We suggest that TIC curricula focus on a universal trauma approach. Curricula need to acknowledge and discuss individual trainees’ biases that may lead them to preferentially apply a TIC approach with a particular subset of patients or in a particular setting, ie, nonacute. When a TIC approach is done appropriately and respectfully, patients can be receptive to it at any time during the medical encounter.25 Instead of being prompted to use TIC when confronted with specific patient characteristics, trainees can recognize that a TIC approach is applicable to all patients in any setting and could lead to beneficial outcomes for patients and providers alike. Education should focus on learners being able to plan and practice applying TIC universally, through the use of active learning opportunities including role-play and case- based exercises pertaining to a variety of clinical settings and with standardized patients representing a diversity of patient demographics and characteristics.

In light of the study findings regarding time and need for resources to support TIC use, residency programs should consider how they are structuring their trainees’ clinical time for routine patient visits in longitudinal clinics and incentivizing use of TIC. In addition, programs should prioritize providing residents with consolidated information on community resources of support or assisting them in working interprofessionally with social workers and mental health professionals. The impact of the patient-doctor relationship highlights that there may be a role to juxtapose teaching in TIC alongside education in patient-centeredness and communication skills. Educators should consider the timing of TIC education, as exposure early in training can offer opportunities to utilize skills through the years of residency. Solidifying TIC skills through practice may also help trainees recognize that TIC can infuse any medical visit and does not necessarily have to be considered a separate entity requiring additional time.

As the supervisors’ role in modeling TIC is critical to the learners’ experience with and understanding of TIC, institutions should also prioritize training all medical providers, including teaching faculty, to recognize the benefits of and utilize TIC.26 Residency programs should offer faculty development for attending physicians in TIC, so they can reinforce the knowledge and skills gained by their trainees. Given study findings demonstrating that trainees preferentially are cognizant of TIC use in specific settings, universal faculty development, beyond targeted training for primary care attendings, could be useful. Lastly, given the emphasis placed on multidisciplinary collaborations facilitating TIC, interprofessional curricula could be helpful in advancing TIC application.

Study Limitations

This study considered knowledge, attitudes, and confidence before and immediately after the educational session and practice application after 6 weeks. Long-term participant follow-up is needed to determine the effect of the educational session on participant behavior in the clinical setting. Going further, it would be beneficial to evaluate the effect of TIC use on patients and families, which could range from measurement of patient-level health outcomes to exploring patient clinical experiences and feedback on the healthcare encounter. Also important is that the study took place in an urban, academic institution within an IM residency program. Further study can elucidate training impact and TIC perspective beyond this setting. Lastly, as the research question focused on contextual factors that influence the use of a TIC approach in clinical settings, the findings did not explain any trainee characteristics that may impact the use of TIC. Further study can explore this transfer determinant, such as by studying how a personal history of adversity, personal experience in a helping profession beyond medicine, or exposure to TIC in practice may impact physician motivation and use of TIC in clinical practice.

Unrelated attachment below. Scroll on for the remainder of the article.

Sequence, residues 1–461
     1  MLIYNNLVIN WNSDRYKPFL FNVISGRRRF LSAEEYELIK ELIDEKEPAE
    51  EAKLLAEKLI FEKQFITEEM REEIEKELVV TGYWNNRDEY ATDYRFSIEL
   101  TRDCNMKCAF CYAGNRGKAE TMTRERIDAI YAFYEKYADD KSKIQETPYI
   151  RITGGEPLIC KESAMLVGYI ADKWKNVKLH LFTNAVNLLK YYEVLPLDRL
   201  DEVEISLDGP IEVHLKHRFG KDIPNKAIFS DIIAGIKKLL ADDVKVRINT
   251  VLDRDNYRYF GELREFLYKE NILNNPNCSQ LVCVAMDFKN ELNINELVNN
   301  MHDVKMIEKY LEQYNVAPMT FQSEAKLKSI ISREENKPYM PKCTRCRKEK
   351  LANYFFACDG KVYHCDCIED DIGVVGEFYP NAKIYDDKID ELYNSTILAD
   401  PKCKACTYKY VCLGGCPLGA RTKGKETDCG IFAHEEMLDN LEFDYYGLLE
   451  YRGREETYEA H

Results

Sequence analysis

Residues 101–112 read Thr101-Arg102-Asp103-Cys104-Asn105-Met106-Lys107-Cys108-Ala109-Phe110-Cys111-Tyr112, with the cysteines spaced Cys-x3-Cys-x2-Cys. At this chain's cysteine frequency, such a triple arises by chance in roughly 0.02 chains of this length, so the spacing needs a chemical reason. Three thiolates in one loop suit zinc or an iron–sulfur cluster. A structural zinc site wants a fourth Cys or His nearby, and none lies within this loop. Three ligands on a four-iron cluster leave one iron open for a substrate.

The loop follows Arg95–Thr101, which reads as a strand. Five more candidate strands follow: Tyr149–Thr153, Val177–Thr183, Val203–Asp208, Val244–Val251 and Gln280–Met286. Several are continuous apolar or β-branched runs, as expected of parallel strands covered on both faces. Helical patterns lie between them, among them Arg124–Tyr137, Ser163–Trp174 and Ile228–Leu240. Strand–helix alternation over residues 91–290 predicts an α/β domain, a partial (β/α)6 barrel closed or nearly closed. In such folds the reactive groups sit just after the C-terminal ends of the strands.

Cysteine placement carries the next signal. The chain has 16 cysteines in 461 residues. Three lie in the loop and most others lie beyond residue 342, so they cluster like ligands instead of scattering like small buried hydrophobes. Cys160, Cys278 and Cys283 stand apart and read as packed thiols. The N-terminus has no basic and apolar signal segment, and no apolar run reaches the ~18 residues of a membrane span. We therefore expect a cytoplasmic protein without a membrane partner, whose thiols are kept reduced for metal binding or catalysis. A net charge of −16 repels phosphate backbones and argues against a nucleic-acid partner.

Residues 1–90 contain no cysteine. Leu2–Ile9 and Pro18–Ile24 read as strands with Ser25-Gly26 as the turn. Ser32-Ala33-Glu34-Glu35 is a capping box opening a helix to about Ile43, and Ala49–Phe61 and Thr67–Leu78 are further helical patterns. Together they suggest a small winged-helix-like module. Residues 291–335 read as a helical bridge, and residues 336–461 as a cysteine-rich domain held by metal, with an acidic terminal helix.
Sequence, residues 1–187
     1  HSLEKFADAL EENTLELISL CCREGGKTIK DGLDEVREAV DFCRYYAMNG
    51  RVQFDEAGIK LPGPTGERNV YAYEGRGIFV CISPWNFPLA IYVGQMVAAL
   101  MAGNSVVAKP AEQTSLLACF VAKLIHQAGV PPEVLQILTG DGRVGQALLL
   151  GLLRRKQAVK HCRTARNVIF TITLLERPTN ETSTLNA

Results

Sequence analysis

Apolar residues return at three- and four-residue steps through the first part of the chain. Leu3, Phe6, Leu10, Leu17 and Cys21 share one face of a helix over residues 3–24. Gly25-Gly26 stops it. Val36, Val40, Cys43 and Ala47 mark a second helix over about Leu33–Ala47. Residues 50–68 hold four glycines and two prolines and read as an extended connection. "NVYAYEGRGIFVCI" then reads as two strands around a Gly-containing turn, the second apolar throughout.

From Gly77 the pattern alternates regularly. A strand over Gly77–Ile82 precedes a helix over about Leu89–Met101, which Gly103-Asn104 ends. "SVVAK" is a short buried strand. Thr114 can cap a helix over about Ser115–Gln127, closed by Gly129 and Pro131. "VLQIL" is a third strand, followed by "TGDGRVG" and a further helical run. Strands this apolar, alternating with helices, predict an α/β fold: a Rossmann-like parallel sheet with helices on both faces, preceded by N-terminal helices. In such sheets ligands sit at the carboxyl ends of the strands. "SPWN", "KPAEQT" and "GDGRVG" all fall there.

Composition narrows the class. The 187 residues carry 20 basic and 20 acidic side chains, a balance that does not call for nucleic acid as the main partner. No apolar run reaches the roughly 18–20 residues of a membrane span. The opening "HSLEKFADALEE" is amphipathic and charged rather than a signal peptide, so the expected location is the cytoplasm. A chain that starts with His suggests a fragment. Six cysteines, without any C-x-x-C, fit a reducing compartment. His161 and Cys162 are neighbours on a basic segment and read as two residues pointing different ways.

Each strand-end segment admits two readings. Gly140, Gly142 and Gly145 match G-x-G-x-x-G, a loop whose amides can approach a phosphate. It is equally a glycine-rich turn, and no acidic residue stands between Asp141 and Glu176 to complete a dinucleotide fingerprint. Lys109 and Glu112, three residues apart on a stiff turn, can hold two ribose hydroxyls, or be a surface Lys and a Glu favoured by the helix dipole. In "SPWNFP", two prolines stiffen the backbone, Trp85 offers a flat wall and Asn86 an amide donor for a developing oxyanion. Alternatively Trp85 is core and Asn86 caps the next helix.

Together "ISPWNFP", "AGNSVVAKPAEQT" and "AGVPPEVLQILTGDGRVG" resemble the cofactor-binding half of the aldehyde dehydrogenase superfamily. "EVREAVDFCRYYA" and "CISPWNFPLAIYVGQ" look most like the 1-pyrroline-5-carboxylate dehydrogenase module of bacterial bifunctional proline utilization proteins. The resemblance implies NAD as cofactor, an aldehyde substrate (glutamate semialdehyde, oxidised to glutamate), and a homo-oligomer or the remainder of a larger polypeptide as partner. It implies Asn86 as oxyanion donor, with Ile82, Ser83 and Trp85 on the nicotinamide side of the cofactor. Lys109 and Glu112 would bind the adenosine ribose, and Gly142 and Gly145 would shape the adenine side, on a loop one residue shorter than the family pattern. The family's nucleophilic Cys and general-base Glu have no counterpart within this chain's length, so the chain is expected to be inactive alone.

Training physicians in a trauma-informed approach to care is a critical tool in advancing health equity. Graduate medical education curricula focused on TIC should account for the factors that can influence the application of a TIC approach in the clinical setting. We hope that the study findings and model (Figure 1) depicting the factors that prompt, promote, and reinforce the application of TIC in clinical practice serve as a guide. We also encourage educators to examine and reflect on their unique clinical and learning environments to tailor their educational TIC endeavors to meet their individual needs. This consideration can assist with thoughtful and sustained incorporation of TIC into clinical practice.

Supplemental Material

Supplemental Material is available at:

Disclosure Statement

The author(s) have no conflicts of interest to disclose.

Funding Statement

No funding was received for this study.

Author Affiliations

1Department of Pediatrics, George Washington University School of Medicine and Health Sciences and Children’s National Hospital, Washington, DC

2Department of Human and Organizational Learning, George Washington University Graduate School of Education and Human Development, Washington, DC

Corresponding Author

Binny Chokshi, MD, MEd (

Author Contributions

Binny Chokshi, MD, MEd served as the principal investigator on this study, participating in all aspects of study design, data acquisition, and analysis. She drafted the manuscript and finalized it based on coauthor feedback. Ellen Goldman, EdD, supervised all aspects of study design, implementation, and analysis and participated in reviewing and editing the manuscript. All authors have given final approval to the manuscript.


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Keywords: adverse childhood experiences; mixed methods; transfer of training; trauma-informed care; virtual education

AbbreviationsIM = internal medicine; TIC = trauma-informed care